You're right for sure - it's something that's become a real bug-bear of mine over the last few years, often in relation to WWII/WWI documentaries where it seems like they roll out the same stock footage of a Nuremburg rally or whatever. Absolutely I don't want re-enactments, and I don't want them to remove footage, including stock footage, but what I'd really like is to spend a decent amount of time confirming what it is that we're looking at. Otherwise, it is de facto deception, even if it is not intended as such - I'm of course aware the director is wanting to tell a story, and will present the images that best dramatise or convey that story, even if the selected images may be about something completely different. But so for example what I'd like to see, if they are talking about Dien Bien Phu and show some battle footage, then show a little note at the bottom confirming something like "Battle scene on the outskirts of Dien Bien Phu, April 14 1954" (or whatever). Essentially like a footnote. And when they are talking about Tet Offensive and they show some random battle, then to specify which part of the Tet Offensive they are showing (or if they are showing footage of something else because it is more appropriate, or there is no relevant actual footage of the event, then be honest and explain that). I just find I often get lost in what they are showing us, and end up getting frustrated at the lack of harmony between what is being talked about and what is being shown. I even get frustrated when they show random pictures of the White House, or stock pictures of Kennedy looking pensive or Nixon looking evil, when they showcase some recording of them in conversation - images are so powerful, and it's very easy for directors to force a narrative down the throat of the viewer.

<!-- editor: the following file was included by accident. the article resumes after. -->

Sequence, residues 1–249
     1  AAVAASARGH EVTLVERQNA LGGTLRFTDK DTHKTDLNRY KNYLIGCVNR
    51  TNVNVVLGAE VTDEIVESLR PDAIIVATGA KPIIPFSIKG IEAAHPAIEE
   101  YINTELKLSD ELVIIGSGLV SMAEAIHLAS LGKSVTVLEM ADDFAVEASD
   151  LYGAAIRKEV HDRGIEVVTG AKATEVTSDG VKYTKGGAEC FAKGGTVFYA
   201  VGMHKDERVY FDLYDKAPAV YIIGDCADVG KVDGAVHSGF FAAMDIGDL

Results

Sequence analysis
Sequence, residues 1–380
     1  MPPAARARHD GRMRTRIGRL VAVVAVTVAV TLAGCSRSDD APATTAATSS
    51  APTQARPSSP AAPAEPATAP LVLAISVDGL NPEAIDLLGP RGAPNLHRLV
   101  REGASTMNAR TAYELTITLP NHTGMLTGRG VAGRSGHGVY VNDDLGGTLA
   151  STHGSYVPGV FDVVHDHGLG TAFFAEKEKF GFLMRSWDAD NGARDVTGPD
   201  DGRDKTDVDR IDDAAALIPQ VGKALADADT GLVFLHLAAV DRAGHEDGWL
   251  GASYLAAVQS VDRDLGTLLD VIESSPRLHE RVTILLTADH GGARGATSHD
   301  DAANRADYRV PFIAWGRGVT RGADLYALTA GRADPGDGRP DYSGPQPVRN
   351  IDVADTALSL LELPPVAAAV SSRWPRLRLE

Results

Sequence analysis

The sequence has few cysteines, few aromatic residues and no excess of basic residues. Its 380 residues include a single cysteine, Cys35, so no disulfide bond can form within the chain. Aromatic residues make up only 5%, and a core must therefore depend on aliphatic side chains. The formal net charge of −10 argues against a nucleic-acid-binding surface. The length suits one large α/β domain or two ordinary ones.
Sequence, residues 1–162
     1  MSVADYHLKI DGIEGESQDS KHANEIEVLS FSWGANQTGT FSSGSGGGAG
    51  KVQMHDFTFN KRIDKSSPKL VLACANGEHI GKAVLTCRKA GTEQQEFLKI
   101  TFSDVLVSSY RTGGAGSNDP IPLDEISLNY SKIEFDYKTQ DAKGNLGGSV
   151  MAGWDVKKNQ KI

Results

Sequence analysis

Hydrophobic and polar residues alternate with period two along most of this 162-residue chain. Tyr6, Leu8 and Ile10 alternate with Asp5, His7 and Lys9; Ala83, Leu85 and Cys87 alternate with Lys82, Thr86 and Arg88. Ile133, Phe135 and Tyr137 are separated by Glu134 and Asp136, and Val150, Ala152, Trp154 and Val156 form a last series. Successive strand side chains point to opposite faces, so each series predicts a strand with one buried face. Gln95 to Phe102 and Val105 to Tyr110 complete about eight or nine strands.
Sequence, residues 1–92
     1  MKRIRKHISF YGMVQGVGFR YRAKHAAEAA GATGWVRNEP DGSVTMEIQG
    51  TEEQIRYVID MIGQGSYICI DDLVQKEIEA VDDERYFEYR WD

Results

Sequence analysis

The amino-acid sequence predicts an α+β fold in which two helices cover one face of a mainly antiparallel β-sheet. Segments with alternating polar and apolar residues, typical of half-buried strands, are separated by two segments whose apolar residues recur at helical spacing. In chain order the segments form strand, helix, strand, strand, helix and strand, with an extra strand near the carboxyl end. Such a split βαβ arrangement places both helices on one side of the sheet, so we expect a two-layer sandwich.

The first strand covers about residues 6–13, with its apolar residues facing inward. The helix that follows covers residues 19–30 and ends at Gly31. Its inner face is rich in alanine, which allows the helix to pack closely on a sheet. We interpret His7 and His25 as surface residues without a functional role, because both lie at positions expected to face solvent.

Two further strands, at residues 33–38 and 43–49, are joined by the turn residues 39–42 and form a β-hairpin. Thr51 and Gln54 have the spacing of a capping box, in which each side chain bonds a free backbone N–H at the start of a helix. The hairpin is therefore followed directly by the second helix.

And to be clear, I didn't want a shorter documentary - I wanted a documentary of roughly the same length, but that went into more detail over what we were looking at.
That website that you are referring sounds like it is up my street...but ideally that should be more embedded in the documentary itself.